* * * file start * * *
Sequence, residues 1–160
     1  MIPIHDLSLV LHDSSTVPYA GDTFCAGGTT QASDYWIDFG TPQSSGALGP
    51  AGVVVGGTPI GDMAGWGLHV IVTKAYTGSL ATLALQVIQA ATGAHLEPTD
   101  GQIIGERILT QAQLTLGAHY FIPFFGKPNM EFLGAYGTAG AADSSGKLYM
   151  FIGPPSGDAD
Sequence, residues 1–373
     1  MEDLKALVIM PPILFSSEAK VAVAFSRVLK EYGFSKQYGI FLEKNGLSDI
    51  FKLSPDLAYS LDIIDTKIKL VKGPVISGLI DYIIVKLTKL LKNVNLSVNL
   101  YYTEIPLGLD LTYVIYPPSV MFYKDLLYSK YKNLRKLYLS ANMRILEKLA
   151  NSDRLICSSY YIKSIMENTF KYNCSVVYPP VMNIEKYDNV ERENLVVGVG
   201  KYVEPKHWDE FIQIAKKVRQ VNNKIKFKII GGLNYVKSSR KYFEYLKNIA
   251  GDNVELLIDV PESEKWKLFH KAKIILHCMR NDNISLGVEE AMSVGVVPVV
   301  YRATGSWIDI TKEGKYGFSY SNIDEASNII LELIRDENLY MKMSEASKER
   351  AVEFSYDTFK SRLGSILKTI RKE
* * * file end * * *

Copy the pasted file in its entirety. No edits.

Sequence, residues 1–160
     1  MIPIHDLSLV LHDSSTVPYA GDTFCAGGTT QASDYWIDFG TPQSSGALGP
    51  AGVVVGGTPI GDMAGWGLHV IVTKAYTGSL ATLALQVIQA ATGAHLEPTD
   101  GQIIGERILT QAQLTLGAHY FIPFFGKPNM EFLGAYGTAG AADSSGKLYM
   151  FIGPPSGDAD
Sequence, residues 1–373
     1  MEDLKALVIM PPILFSSEAK VAVAFSRVLK EYGFSKQYGI FLEKNGLSDI
    51  FKLSPDLAYS LDIIDTKIKL VKGPVISGLI DYIIVKLTKL LKNVNLSVNL
   101  YYTEIPLGLD LTYVIYPPSV MFYKDLLYSK YKNLRKLYLS ANMRILEKLA
   151  NSDRLICSSY YIKSIMENTF KYNCSVVYPP VMNIEKYDNV ERENLVVGVG
   201  KYVEPKHWDE FIQIAKKVRQ VNNKIKFKII GGLNYVKSSR KYFEYLKNIA
   251  GDNVELLIDV PESEKWKLFH KAKIILHCMR NDNISLGVEE AMSVGVVPVV
   301  YRATGSWIDI TKEGKYGFSY SNIDEASNII LELIRDENLY MKMSEASKER
   351  AVEFSYDTFK SRLGSILKTI RKE